Air strikes against Islamic State not working, say Syrian Kurds

Insurgents have pushed to edge of Kobani, undeterred by western strikes, says official

Smoke rises from Kobani as Turkish forces stand guard on their side of the border with Syria. Photograph: Umit Bektas/Reuters

Smoke rises from Kobani as Turkish forces stand guard on their side of the border with Syria. Photograph: Umit Bektas/Reuters


Islamic State fighters have pushed to about 2km from the centre of the city of Kobani, undeterred by western air strikes, a leading Kurdish official in the city has said.

Fighting between the Islamist militants, also known as Isis, and Syrian Kurds continued unabated despite another volley of coalition air strikes in and around the Kobani enclave, Idris Nassan, Kobani’s “foreign affairs minister”, said.

“There are fierce clashes between Isis and YPG [People’s Defence Corps] fighters, at the moment mainly to the southeast of the city. Isis now stands at 2km from the city centre,” he said by phone. “I can hear the bombs and shells here.”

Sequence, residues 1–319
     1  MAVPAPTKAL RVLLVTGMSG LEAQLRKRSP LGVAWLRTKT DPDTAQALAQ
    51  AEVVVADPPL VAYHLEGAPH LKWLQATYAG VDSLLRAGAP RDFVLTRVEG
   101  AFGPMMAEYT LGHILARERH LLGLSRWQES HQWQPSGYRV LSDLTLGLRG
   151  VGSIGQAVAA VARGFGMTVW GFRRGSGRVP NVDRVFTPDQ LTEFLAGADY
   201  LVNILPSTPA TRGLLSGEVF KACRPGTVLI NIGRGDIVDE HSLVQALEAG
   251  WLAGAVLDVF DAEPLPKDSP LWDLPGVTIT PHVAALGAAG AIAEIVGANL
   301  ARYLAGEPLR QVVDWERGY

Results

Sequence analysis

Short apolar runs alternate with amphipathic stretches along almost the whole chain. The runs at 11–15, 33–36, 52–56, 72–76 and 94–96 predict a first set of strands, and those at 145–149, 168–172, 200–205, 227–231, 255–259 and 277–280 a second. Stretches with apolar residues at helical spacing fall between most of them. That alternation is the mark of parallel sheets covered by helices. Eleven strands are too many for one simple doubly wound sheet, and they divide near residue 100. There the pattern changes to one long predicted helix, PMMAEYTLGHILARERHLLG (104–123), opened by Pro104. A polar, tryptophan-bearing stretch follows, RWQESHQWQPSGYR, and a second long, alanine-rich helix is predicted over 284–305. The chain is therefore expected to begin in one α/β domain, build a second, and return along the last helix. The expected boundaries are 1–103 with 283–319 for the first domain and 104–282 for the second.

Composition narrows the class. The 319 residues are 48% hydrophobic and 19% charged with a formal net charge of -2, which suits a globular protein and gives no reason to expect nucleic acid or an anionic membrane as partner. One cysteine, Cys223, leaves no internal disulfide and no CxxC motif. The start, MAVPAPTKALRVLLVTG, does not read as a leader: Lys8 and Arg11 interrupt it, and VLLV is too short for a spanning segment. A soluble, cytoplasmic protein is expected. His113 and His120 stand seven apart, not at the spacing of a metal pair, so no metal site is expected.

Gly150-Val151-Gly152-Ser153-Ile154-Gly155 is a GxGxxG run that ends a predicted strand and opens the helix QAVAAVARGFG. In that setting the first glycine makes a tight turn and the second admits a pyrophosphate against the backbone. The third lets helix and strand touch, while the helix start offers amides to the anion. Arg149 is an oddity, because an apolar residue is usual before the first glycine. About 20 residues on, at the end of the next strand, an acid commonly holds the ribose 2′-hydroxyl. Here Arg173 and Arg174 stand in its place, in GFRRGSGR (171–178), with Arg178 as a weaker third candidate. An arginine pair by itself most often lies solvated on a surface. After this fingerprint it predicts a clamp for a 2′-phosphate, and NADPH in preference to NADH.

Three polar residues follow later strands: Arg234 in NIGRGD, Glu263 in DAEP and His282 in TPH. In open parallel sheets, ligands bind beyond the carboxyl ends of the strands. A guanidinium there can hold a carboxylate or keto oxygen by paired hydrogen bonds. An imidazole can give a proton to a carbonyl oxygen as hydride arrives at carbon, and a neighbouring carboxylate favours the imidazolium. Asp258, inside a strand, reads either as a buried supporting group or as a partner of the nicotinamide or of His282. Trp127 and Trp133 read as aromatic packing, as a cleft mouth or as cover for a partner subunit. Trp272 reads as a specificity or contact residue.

According to Mr Nassan, the situation was “under control for now”, but he underlined that air strikes had not deterred a further Islamic State advance.

“Air strikes alone are really not enough to defeat Isis in Kobani,” he stressed. “They are besieging the city on three sides, and fighter jets simply cannot hit each and every Isis fighter on the ground.”

‘Need ground support’

Mr Nassan said there were no evacuation plans: “Many people have left Kobani now. But there are still thousands of civilians inside the city.”

Yesterday, several MPs and representatives of Kurdish groups in Turkey arrived at the border to show solidarity with Syrian Kurds and to form a “human chain” stretching along villages bordering Kobani.

In the meantime, Saleh Muslim, co-chairman of the Syrian Kurdish Democratic Union party (PYD), went to Ankara this weekend to meet Turkish security officials to discuss possible Turkish help in defending Kobani against Islamic State.

Turkish media reported that officials in Ankara urged Mr Muslim to convince the YPG, the armed wing of the PYD currently battling Islamic State in Kobani, to join the ranks of te Free Syrian Army (FSA) and to “take an open stance against the Syrian regime” of Bashar al-Assad.

Call for international help

He said the exact outcome of the meetings remained unclear, but hinted that Mr Muslim had asked Ankara to allow for the PYD, the Syrian Kurdish affiliate of the better-known Kurdistan Workers’ party (PKK), to receive arms from outside of Syria.

“If Isis takes Kobani, they will be right on the border with Turkey. This concerns not only us, but Turkey too.”

– (Guardian service)